COLLISIONcollective

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*                        For engineers that moonlight as artists and artists that moonlight as engineers                                         *
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Hidden Marriage

Wood, polymer clay, gold-leaf, mosses, lichens, liverwort, foam, water, mist makers, felt, lamps.
2012
Artwork by [user-name]
Artwork by [user-name]
Artwork by [user-name]
Artwork by [user-name]
Artwork by [user-name]
Artwork by [user-name]
Artwork by [user-name]
Artwork by [user-name]
Artwork by [user-name]
Artwork by [user-name]
Artwork by [user-name]
Artwork by [user-name]

Hidden Marriage is an extraordinary piece of furniture housing a marriage of hidden interactions.

Visitors encounter a familiar form, an elegant coffee table, but its surface is bursting with growth. Woodland natives, the spore-producing cryptogams (Greek κρυπτός kryptos, "hidden" + γαμέω, gameein, "to marry") - mosses, lichens, liverworts, selaginellas, ferns - are watered by constant veils of mist. Creeping in from the table's edge to mingle with the mosses are lichen-like forms dressed in the livery of the table, black and gold. Small, gold figures walk in the miniature landscape.

Visitors are encouraged to sit or kneel at the table, either in contemplation or conversation. 

The piece is a reminder of our inner primordial forests where the rational and the irrational mix to make something new, perhaps over a cup of coffee.

This piece is part of the Wonderlust series, and its evolution can be found here: http://elaket.org/wonderlust.html

Wonderlust

Polymer clay, acrylic mirror, acrylic panels, proximity detectors, LEDs, pager motors, ultrasonic water foggers, H0 scale figures
2012
Wonderlust
Wonderlust - detail

Wonderlust is a glittering, mysterious, miniature cavern. The floor of the cavern is colonised by vague organic shapes shrouded in a gently moving mist. From the ceiling of the cavern hang a cluster of immaculate mirrored rectangular bars of varying lengths. Bright lights shine shine up from the floor but are dimmed by the mists. Visitors notice the resemblance of the suspended bars to data representations like histograms. The column lengths suggest a measurement of an aspect of the shapes found directly below them. As visitors approach the piece, their curious examination triggers movement of tiny observers contemplating their environment. As they spin, the observers kick up the mists both hiding and revealing aspects of the cavern.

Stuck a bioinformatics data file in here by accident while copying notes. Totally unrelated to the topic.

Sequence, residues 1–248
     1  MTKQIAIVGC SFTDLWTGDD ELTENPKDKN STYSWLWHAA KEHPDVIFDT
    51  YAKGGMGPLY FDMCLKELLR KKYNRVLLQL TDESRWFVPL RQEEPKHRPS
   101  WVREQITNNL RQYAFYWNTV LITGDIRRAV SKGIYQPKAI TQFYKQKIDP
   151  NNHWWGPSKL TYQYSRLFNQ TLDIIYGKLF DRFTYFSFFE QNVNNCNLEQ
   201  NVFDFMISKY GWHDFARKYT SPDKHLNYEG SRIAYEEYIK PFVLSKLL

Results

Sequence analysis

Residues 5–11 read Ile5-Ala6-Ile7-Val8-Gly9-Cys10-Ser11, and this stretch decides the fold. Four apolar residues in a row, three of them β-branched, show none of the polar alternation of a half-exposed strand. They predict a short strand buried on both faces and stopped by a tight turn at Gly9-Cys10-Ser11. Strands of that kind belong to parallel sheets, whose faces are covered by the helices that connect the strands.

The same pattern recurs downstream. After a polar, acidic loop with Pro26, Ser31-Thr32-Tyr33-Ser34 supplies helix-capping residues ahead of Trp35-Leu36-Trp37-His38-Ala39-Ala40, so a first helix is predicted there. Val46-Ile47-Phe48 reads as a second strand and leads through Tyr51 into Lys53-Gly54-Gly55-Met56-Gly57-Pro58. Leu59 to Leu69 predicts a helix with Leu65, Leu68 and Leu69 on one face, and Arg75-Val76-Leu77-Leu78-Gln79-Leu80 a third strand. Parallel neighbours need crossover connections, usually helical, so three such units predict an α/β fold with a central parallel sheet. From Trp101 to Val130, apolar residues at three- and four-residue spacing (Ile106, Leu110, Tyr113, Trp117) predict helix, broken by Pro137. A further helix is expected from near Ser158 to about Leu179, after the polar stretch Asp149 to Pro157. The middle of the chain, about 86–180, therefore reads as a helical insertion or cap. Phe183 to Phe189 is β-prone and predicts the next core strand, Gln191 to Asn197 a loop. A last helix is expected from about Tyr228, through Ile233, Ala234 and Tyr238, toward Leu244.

The piece suggests a dialog between Nature and one of the ways in which we attempt to understand it - scientific study. Do we diminish the subject by reducing it to numbers? Does the abstraction really reveal anything more? Is wonder lost or gained when we try to satisfy our curiosities?

This piece is part of a series of works I have made exploring the value we place in scientific discovery and what consequences such reverence might have for making progress - either in deepening and elaborating a paradigm or shifting to a new one. Previous works show data and models rendered either verbatim or abstractly in gild, glitter and rhinestones while all other explanatory information is lost.

The Big Dripper

eight oscillating pumps, tubing, sink, wood, steel, UV LEDs, Arduino Pro microcontrollers, electronics, water, fluorescein dye
2011
Artwork by [user-name]

The Big Dripper is a concept based on Harold Edgerton's Piddler. Edgerton's Piddler, also known as a "Time Fountain", uses a stroboscopic light source to highlight individual drops of water in a constant stream of liquid. With the strobe off, the stream looks like a solid cylinder of falling water. With the strobe on, and correctly synchronized with the actuation of the pump, the individual drips of water that compose the stream are exposed. The drips appear to hang in space as if frozen in time. By modulating the phase relationship between the frequency of the pump and the frequency of the strobe, the device can generate optical illusions of motion. For example, the individual drops can appear to fall slowly, or even crawl upwards.

The Big Dripper was featured on Hack A Day!

http://hackaday.com/2011/03/11/water-droplet-sculpture-using-leds-and-arduino/

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